A federal judge has upheld the military detention of a Kuwaiti man whose lawyers were among the earliest and most persistent challengers of President George W. Bush's right to lock him up as an enemy combatant at Guantánamo Bay, Cuba.
Fawzi al Odah, 32, was captured in the U.S. invasion of Afghanistan in December 2001 and has been held lawfully since, U.S. District Judge Colleen Kollar-Kotelly wrote in a partially censored ruling, which was released late Monday.
Her Aug. 24 decision raised to seven the number of Guantánamo detentions upheld by federal judges hearing habeas corpus petitions, compared to the 29 men at Guantánamo whom judges have ordered freed.
About 200 more cases are working their way through the federal court in Washington, D.C., even as President Barack Obama has ordered the prison camps emptied by early next year.
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``Al Odah unquestionably had choices,'' the judge wrote in the 32-page decision, in which she concluded the Kuwaiti college graduate decided to leave his home before the Sept. 11, 2001, terrorist attacks, train in Afghanistan and align with fighters resisting the American invasion.
She declared his claim that he was fleeing the invasion ``not credible'' because he left Kandahar for Tora Bora, a route that meant ``a difficult climb into and then through bitterly cold mountains where al Qaeda and Taliban fighters were making their stand against coalition forces.''
In contrast, she said, ``the shortest and simplest route from Jalalabad to Pakistan was through the famed Kyber Pass, 45 miles from Jalalabad.''
Al Odah is among four Kuwaitis still held at the remote prison camps in Cuba and was the first name on a habeas corpus unlawful detention petition filed at the federal court soon after they arrived there in 2002.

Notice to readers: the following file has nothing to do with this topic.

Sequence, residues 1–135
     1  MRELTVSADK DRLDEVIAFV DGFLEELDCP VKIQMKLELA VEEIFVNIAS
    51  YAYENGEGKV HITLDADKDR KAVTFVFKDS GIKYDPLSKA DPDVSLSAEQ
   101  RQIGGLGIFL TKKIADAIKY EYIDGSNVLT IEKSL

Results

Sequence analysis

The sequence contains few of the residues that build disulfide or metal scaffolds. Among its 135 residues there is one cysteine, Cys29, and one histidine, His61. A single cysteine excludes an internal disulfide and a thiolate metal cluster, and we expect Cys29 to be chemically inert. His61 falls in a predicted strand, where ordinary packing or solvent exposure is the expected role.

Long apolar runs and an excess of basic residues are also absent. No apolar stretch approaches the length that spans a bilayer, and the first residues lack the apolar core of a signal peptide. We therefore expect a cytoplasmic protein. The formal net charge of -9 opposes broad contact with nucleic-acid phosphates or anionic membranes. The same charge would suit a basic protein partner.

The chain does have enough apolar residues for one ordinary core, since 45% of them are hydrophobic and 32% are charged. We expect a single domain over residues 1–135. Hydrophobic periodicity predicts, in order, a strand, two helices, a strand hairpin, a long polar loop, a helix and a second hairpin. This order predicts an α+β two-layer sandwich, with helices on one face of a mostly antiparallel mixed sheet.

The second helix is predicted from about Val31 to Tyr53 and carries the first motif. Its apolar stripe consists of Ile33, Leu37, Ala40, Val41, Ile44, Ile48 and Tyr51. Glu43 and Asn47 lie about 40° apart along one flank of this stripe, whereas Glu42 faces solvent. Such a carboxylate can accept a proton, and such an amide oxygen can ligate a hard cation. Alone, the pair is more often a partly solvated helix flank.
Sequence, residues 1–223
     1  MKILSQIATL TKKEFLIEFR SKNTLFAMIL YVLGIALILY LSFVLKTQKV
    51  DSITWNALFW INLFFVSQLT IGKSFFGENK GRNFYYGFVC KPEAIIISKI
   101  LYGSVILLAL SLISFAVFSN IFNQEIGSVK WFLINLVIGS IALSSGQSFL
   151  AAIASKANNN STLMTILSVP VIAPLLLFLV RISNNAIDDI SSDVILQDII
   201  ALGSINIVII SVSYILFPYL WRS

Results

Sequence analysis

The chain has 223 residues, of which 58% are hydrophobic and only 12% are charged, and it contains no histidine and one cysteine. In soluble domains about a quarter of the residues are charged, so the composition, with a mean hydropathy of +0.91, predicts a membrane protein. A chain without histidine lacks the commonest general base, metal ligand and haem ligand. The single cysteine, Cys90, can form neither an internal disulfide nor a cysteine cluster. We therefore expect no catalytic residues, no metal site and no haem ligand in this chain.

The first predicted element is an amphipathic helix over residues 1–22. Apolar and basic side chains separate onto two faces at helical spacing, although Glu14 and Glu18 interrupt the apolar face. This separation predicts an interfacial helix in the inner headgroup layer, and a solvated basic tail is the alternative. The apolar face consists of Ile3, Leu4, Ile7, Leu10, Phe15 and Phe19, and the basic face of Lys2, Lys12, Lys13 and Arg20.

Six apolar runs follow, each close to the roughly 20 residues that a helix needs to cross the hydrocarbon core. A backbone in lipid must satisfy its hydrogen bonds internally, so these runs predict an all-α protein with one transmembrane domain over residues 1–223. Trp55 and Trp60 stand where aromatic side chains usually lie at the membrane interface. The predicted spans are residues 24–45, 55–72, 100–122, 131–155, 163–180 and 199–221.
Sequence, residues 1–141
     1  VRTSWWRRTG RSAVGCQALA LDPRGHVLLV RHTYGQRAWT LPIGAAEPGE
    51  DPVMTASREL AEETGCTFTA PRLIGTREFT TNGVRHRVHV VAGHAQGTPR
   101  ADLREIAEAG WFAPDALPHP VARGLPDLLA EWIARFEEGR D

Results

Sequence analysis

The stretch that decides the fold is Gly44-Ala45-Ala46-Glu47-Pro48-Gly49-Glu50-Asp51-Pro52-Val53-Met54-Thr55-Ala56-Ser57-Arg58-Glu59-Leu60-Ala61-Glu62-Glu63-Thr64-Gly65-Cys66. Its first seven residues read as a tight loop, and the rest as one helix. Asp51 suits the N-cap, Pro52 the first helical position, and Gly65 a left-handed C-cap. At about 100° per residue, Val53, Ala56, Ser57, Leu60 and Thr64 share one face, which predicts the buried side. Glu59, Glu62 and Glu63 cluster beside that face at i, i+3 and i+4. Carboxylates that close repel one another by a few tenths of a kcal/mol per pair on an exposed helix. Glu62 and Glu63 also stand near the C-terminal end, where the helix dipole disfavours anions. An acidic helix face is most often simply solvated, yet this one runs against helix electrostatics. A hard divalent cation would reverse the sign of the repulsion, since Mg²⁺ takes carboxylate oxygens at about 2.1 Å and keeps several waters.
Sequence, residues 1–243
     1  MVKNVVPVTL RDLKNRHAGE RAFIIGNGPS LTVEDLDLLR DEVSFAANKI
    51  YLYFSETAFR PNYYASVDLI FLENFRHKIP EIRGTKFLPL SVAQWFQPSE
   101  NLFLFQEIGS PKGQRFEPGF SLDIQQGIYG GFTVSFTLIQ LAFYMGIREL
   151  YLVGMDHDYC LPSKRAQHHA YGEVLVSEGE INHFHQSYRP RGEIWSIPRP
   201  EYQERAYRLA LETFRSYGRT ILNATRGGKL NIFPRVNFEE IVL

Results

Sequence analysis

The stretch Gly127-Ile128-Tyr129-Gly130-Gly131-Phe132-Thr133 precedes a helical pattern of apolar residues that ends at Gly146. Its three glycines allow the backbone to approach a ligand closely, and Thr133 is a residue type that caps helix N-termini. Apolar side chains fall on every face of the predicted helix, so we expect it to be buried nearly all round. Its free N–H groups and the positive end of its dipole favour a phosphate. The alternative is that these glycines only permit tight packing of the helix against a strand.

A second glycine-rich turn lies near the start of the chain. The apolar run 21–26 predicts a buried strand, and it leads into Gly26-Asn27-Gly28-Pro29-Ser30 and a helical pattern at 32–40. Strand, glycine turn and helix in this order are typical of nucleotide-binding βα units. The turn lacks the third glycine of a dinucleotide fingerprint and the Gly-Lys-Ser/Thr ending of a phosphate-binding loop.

At the time, and throughout its tenure, the Bush White House argued that no civilian judge could review the president's authority to hold war prisoners at Guantánamo. The U.S. Supreme Court overturned that power in June 2008, and judges at the U.S. District Court are now engaged in a case-by-case review.
Kollar-Kotelly had earlier ordered the release of another Kuwaiti, Khalid Mutairi, finding the government had not met its burden to prove that the Kuwaiti trained with al Qaeda. The Obama administration has not yet released him.
Kollar-Kotelly is reviewing the other two Kuwaiti cases as well.
The plight of the Kuwaitis in Cuba has won great sympathy in their homeland, where al Odah's English-speaking father has campaigned for their release. He has consistently argued that his son and the others were Muslim relief workers caught up in the wrong place at the wrong time.
``The court finds that this record supports a reasonable inference that Al Odah may have also been traveling to Afghanistan to engage in jihad, and not to teach the poor and needy for two weeks,'' she wrote.
The government portrayed al Odah as a typical al Qaeda foot soldier in Afghanistan during the American invasion, meant to topple the Taliban and hunt down Osama bin Laden in reprisal for the 9/11 attacks.
Justice Department lawyers argued that the Kuwaiti had received a day's weapons training at al Qaeda's al Farouq training camp, rather than the full three-week course, and was evacuated with other fighters toward the Tora Bora Mountains.
To bolster its case, the government gave the judge government accounts of the interrogations of two other men captured as foreign fighters in Afghanistan:
One, so-called American Taliban John Walker Lindh, is serving a 20-year sentence in federal prisons. The other, Australian David Hicks, spent six years at Guantánamo before pleading guilty to supporting terror at the Guantánamo war court in exchange for return to his homeland.
Hicks, a Christian-born convert to radical Islam, was set free in late 2007.